He also knew what it meant to be an immigrant coming to the U.S. full of hope. He had grown up in a densely packed, working-class area of Mexico City, where as a child he hustled tourists for guided tours of the Basilica of Our Lady of Guadalupe. As soon as he turned 18, he applied for his dream job at the Mexico City airport. He was turned down because he didn’t speak English, so he applied to take English classes at the University of Utah and was accepted.
It was 1981, and there were few people in Salt Lake City who looked even remotely like Garcia. It was there that he first encountered snow, which he loved, and racism, which took him by surprise. He remembered one day in particular, when he was working as a dishwasher at a restaurant and mentioned to the assistant manager that he was also studying U.S. law. The manager laughed at him. “What, you’re going to become a lawyer, wetback?” The other workers in the kitchen laughed too. Later, he had to ask a friend what “wetback” meant. “You know what?” Garcia said, reflecting on the incident. “I used it as a motivator. Not only was I going to become a lawyer, I was going to defend immigrants.”
Lost in the System
At Border Patrol headquarters in El Paso, problems with the pilot project were multiplying. The agency’s computer database didn’t have a function to document that a family separation had occurred, so agents were manually typing the information into local spreadsheets, according to a 2019 DHS Office of Inspector General report. After intake, ICE’s Enforcement and Removal Operations division transported children to ORR custody, but each request for transport had to be manually entered and took multiple emails to confirm. Then, at ORR, information about the children would be entered into its own database based on the initial Border Patrol case files; but in many instances, those files didn’t note that a separation had occurred.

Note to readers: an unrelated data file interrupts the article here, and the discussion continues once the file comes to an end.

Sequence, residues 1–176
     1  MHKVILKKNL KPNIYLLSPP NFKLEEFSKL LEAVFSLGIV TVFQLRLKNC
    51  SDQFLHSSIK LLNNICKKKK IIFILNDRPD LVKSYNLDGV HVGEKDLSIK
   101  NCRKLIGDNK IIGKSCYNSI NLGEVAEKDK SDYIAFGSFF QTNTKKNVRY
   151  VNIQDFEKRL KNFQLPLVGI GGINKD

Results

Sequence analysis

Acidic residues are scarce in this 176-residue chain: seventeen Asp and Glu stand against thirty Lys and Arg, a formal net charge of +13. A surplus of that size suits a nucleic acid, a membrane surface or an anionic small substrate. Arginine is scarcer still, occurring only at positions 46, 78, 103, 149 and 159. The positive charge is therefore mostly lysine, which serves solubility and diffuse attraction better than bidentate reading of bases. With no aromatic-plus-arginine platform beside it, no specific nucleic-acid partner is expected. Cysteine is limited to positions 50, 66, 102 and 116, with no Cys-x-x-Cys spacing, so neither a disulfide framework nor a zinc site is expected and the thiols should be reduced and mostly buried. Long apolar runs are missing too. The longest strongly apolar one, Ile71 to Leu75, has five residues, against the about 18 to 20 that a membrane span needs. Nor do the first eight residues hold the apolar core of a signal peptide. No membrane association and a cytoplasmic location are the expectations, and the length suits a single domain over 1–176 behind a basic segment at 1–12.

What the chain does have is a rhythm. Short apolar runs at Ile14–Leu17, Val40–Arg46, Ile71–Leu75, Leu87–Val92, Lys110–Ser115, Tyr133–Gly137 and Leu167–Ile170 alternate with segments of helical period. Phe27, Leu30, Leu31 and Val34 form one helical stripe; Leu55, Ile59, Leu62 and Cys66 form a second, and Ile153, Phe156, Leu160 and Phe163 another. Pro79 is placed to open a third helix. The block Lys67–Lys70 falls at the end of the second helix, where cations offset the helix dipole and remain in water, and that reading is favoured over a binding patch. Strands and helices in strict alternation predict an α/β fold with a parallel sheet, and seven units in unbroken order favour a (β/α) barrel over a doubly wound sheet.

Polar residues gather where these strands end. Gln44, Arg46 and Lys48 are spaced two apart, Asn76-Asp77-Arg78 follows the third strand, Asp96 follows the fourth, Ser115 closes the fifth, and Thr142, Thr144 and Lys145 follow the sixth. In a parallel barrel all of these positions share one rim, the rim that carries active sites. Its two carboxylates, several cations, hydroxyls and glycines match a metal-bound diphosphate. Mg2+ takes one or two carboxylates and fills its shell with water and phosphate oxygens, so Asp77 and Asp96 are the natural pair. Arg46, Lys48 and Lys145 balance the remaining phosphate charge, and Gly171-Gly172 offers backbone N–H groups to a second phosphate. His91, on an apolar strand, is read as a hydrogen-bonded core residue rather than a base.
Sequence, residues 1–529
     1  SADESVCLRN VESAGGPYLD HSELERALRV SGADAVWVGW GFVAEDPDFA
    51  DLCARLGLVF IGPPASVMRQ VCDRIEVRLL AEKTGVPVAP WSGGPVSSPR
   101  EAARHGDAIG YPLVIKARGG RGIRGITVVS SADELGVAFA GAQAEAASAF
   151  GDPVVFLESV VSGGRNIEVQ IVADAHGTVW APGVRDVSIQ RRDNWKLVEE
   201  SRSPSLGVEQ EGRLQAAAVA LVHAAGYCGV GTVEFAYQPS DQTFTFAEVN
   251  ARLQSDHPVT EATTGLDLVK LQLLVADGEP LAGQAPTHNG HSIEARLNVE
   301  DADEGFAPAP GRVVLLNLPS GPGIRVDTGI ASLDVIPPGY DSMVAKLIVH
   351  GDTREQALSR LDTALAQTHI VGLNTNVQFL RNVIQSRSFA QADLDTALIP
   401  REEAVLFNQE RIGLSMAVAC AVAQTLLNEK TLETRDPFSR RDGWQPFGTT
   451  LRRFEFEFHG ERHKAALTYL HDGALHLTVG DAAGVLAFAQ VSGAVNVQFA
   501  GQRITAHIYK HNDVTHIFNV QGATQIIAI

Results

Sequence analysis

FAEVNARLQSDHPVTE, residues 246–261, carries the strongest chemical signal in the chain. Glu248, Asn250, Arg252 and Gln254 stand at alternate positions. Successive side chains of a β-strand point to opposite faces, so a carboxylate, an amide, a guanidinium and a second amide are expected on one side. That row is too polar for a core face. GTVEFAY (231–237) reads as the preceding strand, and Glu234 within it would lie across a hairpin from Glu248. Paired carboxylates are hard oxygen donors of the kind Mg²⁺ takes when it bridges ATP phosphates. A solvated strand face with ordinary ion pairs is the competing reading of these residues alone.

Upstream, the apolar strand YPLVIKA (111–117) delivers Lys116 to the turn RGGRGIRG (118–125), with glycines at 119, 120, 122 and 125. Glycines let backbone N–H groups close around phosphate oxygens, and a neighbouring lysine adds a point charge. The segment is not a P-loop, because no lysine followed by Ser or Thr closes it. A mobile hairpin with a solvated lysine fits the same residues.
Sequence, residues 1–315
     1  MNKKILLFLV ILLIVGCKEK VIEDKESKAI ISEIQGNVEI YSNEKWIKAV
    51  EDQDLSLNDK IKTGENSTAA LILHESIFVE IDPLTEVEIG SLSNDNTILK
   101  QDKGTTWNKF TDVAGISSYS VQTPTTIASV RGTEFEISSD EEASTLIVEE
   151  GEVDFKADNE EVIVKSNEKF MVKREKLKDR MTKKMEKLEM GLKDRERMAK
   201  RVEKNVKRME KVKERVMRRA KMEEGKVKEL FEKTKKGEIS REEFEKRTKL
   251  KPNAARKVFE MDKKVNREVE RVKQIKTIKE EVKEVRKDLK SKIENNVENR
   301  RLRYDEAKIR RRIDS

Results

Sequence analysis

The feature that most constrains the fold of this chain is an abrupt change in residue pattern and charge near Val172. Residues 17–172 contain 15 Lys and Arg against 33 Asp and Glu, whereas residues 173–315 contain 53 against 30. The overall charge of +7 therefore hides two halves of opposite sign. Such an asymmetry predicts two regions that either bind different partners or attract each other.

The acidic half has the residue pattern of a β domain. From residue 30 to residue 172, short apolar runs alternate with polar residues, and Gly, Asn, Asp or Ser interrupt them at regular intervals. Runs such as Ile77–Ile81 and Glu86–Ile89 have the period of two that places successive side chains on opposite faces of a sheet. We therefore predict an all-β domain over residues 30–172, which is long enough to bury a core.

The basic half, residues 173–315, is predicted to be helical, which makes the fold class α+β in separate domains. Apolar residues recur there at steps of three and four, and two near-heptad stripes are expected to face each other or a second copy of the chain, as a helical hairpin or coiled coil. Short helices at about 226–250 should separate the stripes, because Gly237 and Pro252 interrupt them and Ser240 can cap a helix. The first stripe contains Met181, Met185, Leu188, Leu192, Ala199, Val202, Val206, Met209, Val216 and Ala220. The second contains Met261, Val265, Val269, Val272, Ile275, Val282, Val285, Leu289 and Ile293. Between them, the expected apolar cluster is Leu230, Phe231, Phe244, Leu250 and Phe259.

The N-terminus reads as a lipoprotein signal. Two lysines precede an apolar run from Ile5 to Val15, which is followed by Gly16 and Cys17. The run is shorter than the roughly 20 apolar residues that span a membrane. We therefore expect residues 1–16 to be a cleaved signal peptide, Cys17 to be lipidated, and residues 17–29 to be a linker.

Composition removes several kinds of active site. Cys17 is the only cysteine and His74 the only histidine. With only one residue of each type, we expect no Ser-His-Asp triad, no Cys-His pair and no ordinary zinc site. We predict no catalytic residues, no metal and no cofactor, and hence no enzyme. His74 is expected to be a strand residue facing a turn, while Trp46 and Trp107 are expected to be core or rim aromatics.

Each agency collected just enough information to carry out its own duties, but there was no centralized database that tied all of the information together. “Even though the child was in the custody of DHS, once you turned them over to ORR, you couldn’t see the record anymore,” said the Border Patrol official who worked on the project. At one point, he said, they resorted to trying to track the whereabouts of kids on a whiteboard. But as the children were moved through various agencies and shelters, they easily became lost in a fragmented system.
During the pilot, some agents balked at separating infants from their mothers, the official said. The Department of Health and Human Services, which oversees ORR, struggled to find shelters that could take infants and toddlers, which meant the agents had to care for them in the Border Patrol’s crowded holding facilities.
Eventually, he said, a group of agents met with the local federal prosecutors, who sided with them against Border Patrol leadership in Washington. The prosecutors asked that every case the Border Patrol brought to them include extenuating circumstances such as age and special needs. “Everybody on the ground was like, we’re not going to prosecute people with infants,” he said. “It makes no sense. It takes agents out of the field and they’re having to feed and care for the infants, when they should be guarding the border.” (CBP and the Justice Department did not respond to requests for comment regarding the meeting or problems with the databases used to track separations.)